This paprika fried egg recipe might seem counterintuitive, but will help you get a well-seasoned egg yolk and flavorful egg white every time.
One of the biggest challenges when it comes to making any non-scrambled egg is seasoning the yolk. Whether you’re serving it sunny-side up, over-easy, over-medium, poached, hard-boiled, or fried, if the yolk is whole, it’s hard to get salt and pepper into that golden center.
Since I’ve been working at home for the past few months, an egg on toast has become one of my quick go-to breakfasts. I’ve always seasoned fried eggs with a little salt and pepper; occasionally mixing it up and using Trader Joe’s lemon pepper instead.
But my current favorite way to eat a fried egg is with a bit of paprika bloomed in oil before the egg even hits the pan.
Salt intensifies the egg flavor, pepper adds some spice, and the paprika adds a mild sweetness. Fresh peppers are a classic addition to scrambled eggs and omelets, so it makes sense that paprika — which is made from red bell peppers — pairs excellently with a fried egg.
In fact, paprika is also commonly sprinkled over deviled eggs, so when you think about it it’s kind of weird that we haven’t always served fried eggs like this.
My technique is perhaps unconventional, but it’s how I ensure that I get flavor as close to the yolk as possible while keeping it molten. I can still dip my toast in it, and I don’t feel the need to add more salt once I pierce the yolk.
(BTW, in doing some research for this post I was delighted to learn that a similar technique is featured on Food 52 as a “Genius Recipe” so perhaps not as unconventional as I thought!)
how to make a paprika fried egg
Instead of cracking the egg into the pan and then seasoning it with salt and pepper, start by blooming the salt, pepper, and paprika in the pan and then add the egg.
The hot oil helps intensify the flavor of the spices — the paprika will become fragrant and dark red very quickly. By blooming the spices first, when the egg settles into the pan, the oil is already packed with flavor that cooks right into the egg.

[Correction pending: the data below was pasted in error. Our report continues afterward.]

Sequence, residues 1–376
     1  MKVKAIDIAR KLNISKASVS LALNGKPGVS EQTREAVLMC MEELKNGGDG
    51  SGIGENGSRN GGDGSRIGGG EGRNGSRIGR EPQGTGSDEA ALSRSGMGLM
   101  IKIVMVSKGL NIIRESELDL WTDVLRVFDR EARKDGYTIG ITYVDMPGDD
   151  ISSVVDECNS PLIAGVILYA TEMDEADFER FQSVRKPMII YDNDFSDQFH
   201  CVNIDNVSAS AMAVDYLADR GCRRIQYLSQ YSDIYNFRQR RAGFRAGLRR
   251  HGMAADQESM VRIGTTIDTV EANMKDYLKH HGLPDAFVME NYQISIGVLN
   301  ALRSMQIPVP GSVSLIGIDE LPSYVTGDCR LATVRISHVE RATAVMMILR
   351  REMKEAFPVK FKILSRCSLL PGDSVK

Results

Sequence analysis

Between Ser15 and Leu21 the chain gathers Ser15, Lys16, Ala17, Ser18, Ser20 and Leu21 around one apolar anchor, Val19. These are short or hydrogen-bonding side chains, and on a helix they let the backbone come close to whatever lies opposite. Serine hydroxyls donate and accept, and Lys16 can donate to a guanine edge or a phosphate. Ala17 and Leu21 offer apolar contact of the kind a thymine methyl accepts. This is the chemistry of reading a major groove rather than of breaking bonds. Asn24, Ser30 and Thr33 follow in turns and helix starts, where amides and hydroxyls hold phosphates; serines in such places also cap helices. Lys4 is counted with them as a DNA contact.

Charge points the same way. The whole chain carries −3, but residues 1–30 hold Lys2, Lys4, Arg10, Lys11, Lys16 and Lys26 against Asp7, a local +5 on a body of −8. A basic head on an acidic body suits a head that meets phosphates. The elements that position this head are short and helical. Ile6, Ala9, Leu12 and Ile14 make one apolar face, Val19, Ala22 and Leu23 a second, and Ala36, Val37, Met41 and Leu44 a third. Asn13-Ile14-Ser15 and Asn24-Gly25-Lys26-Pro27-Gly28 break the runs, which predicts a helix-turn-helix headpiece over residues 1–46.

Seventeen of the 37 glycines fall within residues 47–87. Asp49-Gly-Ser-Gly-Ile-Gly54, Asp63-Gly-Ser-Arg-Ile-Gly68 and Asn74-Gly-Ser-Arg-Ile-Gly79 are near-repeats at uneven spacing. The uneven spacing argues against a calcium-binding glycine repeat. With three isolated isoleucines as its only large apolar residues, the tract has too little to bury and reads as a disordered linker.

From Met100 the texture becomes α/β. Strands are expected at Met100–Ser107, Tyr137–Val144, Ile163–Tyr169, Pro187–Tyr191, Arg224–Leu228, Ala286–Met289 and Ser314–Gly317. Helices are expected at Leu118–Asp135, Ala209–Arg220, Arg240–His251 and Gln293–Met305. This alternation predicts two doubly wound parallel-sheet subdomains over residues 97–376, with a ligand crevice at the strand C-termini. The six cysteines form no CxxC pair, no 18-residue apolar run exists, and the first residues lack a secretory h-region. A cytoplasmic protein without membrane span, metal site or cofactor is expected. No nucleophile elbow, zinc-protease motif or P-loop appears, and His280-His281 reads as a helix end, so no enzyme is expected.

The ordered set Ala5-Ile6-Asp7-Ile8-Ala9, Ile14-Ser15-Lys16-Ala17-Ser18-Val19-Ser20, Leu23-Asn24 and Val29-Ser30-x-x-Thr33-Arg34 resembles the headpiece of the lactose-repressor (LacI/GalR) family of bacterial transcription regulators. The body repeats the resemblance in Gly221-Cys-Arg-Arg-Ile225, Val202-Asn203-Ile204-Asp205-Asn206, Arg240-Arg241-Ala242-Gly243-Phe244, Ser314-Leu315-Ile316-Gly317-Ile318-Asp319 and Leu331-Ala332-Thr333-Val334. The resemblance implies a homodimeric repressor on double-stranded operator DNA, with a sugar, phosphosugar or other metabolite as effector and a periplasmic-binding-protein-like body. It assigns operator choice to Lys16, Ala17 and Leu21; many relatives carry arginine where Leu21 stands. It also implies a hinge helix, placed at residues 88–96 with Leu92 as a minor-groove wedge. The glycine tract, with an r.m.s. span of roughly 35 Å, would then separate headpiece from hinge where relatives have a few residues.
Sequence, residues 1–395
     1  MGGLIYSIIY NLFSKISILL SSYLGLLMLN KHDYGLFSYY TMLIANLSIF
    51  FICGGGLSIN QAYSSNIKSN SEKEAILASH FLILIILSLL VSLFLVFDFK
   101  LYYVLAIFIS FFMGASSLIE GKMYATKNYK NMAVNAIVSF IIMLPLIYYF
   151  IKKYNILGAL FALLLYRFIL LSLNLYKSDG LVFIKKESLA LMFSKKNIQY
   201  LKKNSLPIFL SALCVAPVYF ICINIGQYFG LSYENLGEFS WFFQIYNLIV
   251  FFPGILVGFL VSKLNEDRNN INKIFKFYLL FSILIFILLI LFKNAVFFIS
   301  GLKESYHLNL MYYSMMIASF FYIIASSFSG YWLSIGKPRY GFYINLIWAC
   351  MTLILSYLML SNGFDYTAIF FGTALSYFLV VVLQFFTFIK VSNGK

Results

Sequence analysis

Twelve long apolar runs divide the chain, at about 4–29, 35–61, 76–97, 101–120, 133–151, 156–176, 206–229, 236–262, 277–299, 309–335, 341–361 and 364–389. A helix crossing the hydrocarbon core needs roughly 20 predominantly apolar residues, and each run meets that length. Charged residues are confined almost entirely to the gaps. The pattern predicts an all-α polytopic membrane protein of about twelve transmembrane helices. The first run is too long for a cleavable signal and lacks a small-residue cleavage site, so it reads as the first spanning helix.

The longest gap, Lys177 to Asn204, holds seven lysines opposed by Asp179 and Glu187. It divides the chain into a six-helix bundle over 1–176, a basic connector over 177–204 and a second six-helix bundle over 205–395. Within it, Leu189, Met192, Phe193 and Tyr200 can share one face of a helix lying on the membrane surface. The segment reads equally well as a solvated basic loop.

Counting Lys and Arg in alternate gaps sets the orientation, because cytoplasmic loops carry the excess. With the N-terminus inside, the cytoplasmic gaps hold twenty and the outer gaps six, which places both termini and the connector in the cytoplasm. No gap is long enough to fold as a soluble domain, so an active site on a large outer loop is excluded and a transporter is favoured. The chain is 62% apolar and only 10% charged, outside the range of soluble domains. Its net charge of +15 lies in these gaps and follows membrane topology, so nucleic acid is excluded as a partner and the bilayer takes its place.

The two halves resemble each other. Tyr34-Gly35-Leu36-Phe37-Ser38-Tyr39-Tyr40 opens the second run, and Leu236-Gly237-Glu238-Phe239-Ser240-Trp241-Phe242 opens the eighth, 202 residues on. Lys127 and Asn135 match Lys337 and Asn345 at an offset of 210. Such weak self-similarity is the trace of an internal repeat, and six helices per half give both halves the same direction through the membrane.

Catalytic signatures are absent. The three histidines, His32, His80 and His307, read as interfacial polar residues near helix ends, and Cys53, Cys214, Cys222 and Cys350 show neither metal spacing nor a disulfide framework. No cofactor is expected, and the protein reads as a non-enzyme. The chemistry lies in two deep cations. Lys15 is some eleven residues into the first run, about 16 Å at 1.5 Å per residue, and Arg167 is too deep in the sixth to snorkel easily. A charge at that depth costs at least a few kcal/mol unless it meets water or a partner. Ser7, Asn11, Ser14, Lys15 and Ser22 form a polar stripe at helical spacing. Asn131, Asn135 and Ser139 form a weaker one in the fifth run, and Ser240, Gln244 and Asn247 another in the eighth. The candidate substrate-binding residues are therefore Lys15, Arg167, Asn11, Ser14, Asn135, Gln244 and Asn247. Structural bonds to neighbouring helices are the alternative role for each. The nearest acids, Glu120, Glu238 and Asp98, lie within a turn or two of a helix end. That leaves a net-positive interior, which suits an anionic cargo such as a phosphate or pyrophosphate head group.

One last teeny-tiny pinch of salt and a grind of pepper over the yolk before it firms up seals the yolk between two layers of flavor.
Letting it cook low an slow gives the yolk and the egg white time to absorb the flavors in the pan without overcooking it. A teaspoon of water added to the pan before you cover it creates steam, which helps the surface of the egg cook more evenly.
types of paprika
There are many different kinds of paprika to choose from. I use a mild and sweet variety, but sometimes reach for a smoked or hot paprika when I want a little more of a kick. There are Hungarian paprikas and Spanish paprikas and within them, even more variations.
Whichever one you like best (or already have in your kitchen) is the one you should use. That said, if paprika isn’t your jam you can use this technique with literally any of your preferred egg seasonings (turmeric, za’atar, thyme, garlic, lemon pepper, crushed red pepper flakes, cumin, etc).
take your paprika fried eggs to the next level
Now that you know how to make a paprika fried egg, consider serving yours:
- On a slice of cheddar-jalapeño bread
- Inside a bell pepper ring
- With finely grated fresh parmesan over the top
- Cooked in bacon fat
- On a burger
- With smoked or hot paprika
- Over smashed avocado
- With a potato pancake
- With a zig-zag of hot sauce
- Others???? Leave a comment below and tell me how you serve yours!
- Wide slotted turner (aka fish spatula) for removing the egg from the pan.
- Small, non-stick skillet with lid (if the lid doesn’t fit perfectly, that’s okay, as long as it will cover the egg without squishing it).
other recipes you might like
- how to poach an egg
- fried egg with a perfectly runny yolk
- extra-crispy scallion potato pancakes
- homemade hot sauce
- Non-stick pan
- 2 TBSP olive oil
- 1 large egg
- 1 pinch salt
- freshly cracked black pepper
- 1 pinch paprika
- 1 slice toast
- unsalted butter (room temp)
- Toast and butter a slice of bread. Set aside.
- Heat oil in a small non-stick skillet on medium-low heat.
- When oil is shimmering, add the salt, pepper, and paprika to the pan. Swirl to distribute. The spices will quickly sizzle slightly and become fragrant.
- Crack the egg directly into the skillet on top of wherever the oil and spices have collected. Add an itty-bitty-teeny-tiny pinch of salt directly over the yolk, along with another quick grind of pepper.If you aren't confident about cracking directly into the skillet, crack the egg into a small bowl first so you can remove any shell pieces before adding to the skillet.
- When the egg whites become translucent (about 30 seconds), gently shake the pan side to side to loosen the egg so it can slide around the pan.
- Carefully tilt the pan forward so the egg and oil slide into the curve of the pan, and so the oil comes up over the top of the egg just slightly to encourage the surface of the egg to cook.
- Add ½ TBSP water to the skillet and immediately cover it to steam the surface of the egg. Reduce temperature to low.Set a timer for 4-6 minutes, checking periodically to make sure the egg isn't sticking to the bottom and to prevent overcooking. Adjust the heat or add additional teaspoons of water as needed.
- The egg is done when the egg whites have completely solidified and there's no uncooked egg white on the surface of the egg. The egg yolk may have a thin layer of cooked egg white over the surface, but the yolk itself should still appear jiggly when you shake the pan.
- Use a spatula to transfer the egg from the skillet to the buttered toast.
- If paprika isn’t your thing, you can use this technique with any of your favorite egg seasonings.